Chess champ uses Game of Kings to put Idaho hunger in check
By Mac King
CREATED Mar. 16, 2012

The two princes of Idaho’s royal family of chess schemed and scrutinized to overthrow the other’s king in record time, Friday afternoon.

“He’s better than me,” Carl Harmon-Vellotti said of his younger brother, looking at him from across the chessboard. “And he’s only 13.”

Those of us with siblings know it takes a certain humility to admit our little brothers and sisters have surpassed us. Carl seemed to have developed that modesty a little earlier in life than most.

Then again, when it came to chess, he didn’t really have a choice.
“It’s sort of like a whole-family thing,” Carl said.

Not just sort of: Carl’s father holds the record for most wins all-time at the Idaho Scholastic Tournament, and Carl’s little brother is the best player and the only chess master in the state.

No black sheep himself, Carl won the state tournament last year.
“I’ve won it before,” he told us lackadaisically.

The 17-year-old champ said at one point he didn’t want to defend his crown. And it certainly wasn’t a game against yours truly that changed his mind.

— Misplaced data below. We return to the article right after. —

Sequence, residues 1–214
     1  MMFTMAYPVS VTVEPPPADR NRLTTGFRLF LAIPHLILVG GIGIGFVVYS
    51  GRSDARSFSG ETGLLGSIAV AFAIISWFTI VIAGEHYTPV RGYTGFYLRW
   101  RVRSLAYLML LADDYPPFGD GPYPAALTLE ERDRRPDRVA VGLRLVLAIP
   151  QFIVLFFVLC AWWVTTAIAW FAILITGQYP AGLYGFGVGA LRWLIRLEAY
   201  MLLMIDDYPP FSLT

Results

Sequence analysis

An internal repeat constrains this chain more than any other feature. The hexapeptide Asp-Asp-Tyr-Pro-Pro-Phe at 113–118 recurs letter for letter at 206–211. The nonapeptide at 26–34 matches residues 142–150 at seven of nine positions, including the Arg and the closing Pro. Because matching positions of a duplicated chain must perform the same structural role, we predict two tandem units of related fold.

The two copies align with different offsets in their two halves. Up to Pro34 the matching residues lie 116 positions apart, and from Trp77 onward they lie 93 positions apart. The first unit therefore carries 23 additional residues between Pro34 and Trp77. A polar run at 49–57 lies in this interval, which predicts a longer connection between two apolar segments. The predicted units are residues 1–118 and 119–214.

“I’m a pretty logical person,” Carl said. “So, playing a logical game helps a lot.”

Carl defeated the author in about six moves. Beating hunger in Idaho won’t prove quite as easy, but, Friday, this chess champion believed he had a plan to put that growing problem in check.
“Some teachers here at the school: They’ve pledged like five cans per game,” Carl said.

Five cans for every game Carl won at the state tournament, Saturday. So, if he were to win all five of his games, those teachers would owe him 25 cans.

On the eve of the tournament, Carl had collected pledges for as many as 350 cans (assuming he wins all his games) from dozens of people.

One in six Idahoans doesn’t know from where their next meal will come. Carl’s chess-game pledge-drive probably won’t fix that, but the Idaho Food Bank said it would help.

“The need continues to grow for free emergency food,” Idaho Food Bank Vice President of Development Jenifer Johnson said.

If Carl does lose a game (it sounded like that would be a surprise), he planned to front the food wagered by those friends, family and supporters expecting him to win.

His only guarantee of success?

“I really will play my best,” Carl said.

He almost can’t help it. Chess runs in his blood.

To pledge to Carl’s cause shoot him an e-mail or give him a call (208) 713-2486.


Chess Daily News from Susan Polgar
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